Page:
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Gold miners ‘laughing’ amid best rally in decade as metal surges

December’s cheer is carrying into 2019 for gold-mining companies.

A gauge of mining shares is extending gains after its best December since the financial crisis as investors flee to haven assets amid a slump in the broader equities market and a U.S government shutdown. The BI Global Senior Gold Valuation Peers jumped as much as 2% Thursday to the highest since May, with bullion set for a sixth straight advance.

‘‘The yellow metal is in demand due to the fact that almost everyone is looking for safe-haven assets,’’ Naeem Aslam, chief market analyst at Think Markets UK, said by email. “Gold miners are laughing all the way because the entire landscape has become more attractive.”

Volatility in equities, concern about a broadening US-China trade conflict and a softening dollar have underpinned a rally in bullion. The trade showdown is starting to have an impact on economic activity, after Apple Inc. issued a warning on its outlook and factory data weakened.

Bullion for immediate delivery rose 0.5% to $1,291.29 an ounce at 1:42 p.m. in New York, after touching the highest since mid-June. On the Comex, gold for February delivery settled up 0.8%. In December, the BI miners index jumped 12%, the most for that month since 2008. Harmony Gold Mining and AngloGold Ashanti paced gains on Thursday.

Investors seeking havens have also been buying silver. The white metal touched the highest since July on Thursday.

“Looks like silver has gained momentum because of gold,” Aslam said.

© 2019 Bloomberg L.P

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Now we’re talking…all we need is to bring back the Gold Standard now!

Not enough Gold to introduce the Gold standard. New Gold standard = Dollar.

When the Gold price shoots up, a stock market Crash is on the horizon.
(Gold Price was $1850/ounce in 2008/2009)

This is a topic I spend a lot of time on. A gold standard in itself does not guarantee sound money. There were many periods of inflation and devaluation under the gold standard in the past. It is true that a gold standard does restrict the devaluation of the currency or the “printing of money”. A gold standard is still a million times better that the fiat system we have at the moment.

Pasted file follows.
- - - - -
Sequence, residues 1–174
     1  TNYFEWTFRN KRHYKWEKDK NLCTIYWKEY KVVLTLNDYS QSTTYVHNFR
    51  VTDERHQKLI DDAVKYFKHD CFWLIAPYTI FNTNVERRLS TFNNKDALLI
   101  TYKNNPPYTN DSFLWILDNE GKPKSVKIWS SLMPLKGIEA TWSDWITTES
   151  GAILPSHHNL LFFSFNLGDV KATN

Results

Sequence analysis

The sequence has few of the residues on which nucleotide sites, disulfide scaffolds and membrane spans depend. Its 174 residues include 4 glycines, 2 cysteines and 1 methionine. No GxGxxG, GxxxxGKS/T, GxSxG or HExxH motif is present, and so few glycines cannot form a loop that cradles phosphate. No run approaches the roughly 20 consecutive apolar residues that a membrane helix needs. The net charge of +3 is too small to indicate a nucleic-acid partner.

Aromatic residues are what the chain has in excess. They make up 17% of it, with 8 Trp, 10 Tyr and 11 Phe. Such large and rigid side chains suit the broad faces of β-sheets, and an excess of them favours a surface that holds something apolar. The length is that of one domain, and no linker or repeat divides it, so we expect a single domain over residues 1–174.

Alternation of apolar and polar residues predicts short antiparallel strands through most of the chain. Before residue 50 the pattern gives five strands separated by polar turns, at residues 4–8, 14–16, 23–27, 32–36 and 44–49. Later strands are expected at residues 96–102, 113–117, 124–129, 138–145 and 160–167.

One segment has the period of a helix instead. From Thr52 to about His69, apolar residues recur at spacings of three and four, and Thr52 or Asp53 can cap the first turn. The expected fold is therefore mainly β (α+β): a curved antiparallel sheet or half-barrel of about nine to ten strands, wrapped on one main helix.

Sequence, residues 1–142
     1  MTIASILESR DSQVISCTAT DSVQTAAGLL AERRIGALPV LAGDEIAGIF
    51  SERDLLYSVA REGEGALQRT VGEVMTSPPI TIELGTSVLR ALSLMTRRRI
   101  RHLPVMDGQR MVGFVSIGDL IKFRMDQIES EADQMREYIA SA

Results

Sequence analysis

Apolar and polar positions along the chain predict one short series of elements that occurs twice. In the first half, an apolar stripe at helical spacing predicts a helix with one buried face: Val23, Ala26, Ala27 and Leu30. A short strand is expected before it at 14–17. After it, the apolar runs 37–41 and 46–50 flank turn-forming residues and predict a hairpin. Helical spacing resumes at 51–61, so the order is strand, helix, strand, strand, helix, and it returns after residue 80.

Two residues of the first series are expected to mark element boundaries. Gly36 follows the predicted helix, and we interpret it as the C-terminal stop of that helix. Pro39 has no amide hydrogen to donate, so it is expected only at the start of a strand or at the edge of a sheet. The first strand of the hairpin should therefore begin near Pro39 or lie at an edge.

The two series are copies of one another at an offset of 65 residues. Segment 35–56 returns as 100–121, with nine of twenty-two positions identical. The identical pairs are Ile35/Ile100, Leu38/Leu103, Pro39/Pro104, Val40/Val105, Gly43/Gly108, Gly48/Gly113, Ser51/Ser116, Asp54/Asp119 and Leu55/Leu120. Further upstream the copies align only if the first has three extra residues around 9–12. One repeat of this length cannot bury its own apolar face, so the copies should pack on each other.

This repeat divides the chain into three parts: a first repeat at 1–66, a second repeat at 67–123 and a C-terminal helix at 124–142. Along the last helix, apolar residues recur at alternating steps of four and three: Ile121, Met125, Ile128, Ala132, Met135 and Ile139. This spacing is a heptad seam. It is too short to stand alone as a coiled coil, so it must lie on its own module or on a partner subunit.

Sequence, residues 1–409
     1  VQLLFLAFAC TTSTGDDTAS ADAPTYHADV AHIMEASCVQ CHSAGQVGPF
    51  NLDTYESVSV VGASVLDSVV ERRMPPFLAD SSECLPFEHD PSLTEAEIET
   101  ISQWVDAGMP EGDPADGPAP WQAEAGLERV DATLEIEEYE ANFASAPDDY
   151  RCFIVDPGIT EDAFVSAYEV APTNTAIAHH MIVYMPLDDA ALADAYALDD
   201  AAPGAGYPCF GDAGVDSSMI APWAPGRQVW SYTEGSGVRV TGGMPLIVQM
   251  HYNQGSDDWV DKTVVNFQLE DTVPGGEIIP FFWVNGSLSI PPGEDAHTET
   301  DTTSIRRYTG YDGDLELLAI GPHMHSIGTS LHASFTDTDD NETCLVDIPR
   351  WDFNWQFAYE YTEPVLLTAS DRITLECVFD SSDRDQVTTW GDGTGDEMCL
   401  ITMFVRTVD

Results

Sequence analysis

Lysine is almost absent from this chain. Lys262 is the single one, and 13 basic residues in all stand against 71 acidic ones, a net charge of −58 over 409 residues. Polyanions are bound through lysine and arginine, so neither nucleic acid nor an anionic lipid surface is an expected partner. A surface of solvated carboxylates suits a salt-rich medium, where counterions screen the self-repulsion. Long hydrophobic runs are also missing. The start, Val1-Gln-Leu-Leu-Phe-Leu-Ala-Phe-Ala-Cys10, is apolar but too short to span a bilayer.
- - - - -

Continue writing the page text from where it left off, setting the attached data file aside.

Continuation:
The complete solution would be a gold standard with the concurrent elimination of the fractional reserve banking system. The gold standard alone will not be of much use because banks will still have a license from the state to create their assets out of thin air. In effect, banks are allowed to write cheques on funds they do not own. Banks typically write cheques for about ten times the amount the have in the “vault” This is the cause of every the financial crises and the subsequent run on the banks.

If you have a fractional reserve banking system, you also need a Reserve Bank to act as lender of last resort when (not if) the unavoidable financial crisis hits. Reserve Banks have only one purpose – to save the banking system from collapse. They have only one tool available to do this. They have to devalue the currency in order to save the banking system. They cannot save the banking system from collapse if there is a restriction on the amount of money they can print. This is why a gold standard never lasted long. The moment there is a run on the banks, it is the end of any gold standard and the beginning of an unbacked paper currency or fiat currency.

So, the complete solution to the devaluation of currencies will be the implementation of a system of “legal” currency or sound money. This will be a gold standard, without Reserve Banks, without a fractional reserve banking system. Only when all 3 elements are present simultaneously, will we have a legal and stable currency system. The current system obviously is a fraudulent socialist re-distributive scheme.

I realize that I won’t be able to change the current system. I have made peace with that idea. I will enjoy it while it lasts. It is my aim to use this fraudulent re-distributive system to my advantage, and the advantages can be enormous – this I promise you. In order to benefit from the system, you have to align your interests with those of the Central Banks. Then you basically join the ranks of the Rockefellers. “If you can’t beat them, then join them”. But that is another topic altogether.

Sensei, your comments are always both insightful and accurate. How is the strategy of aligning yourself practically implemented?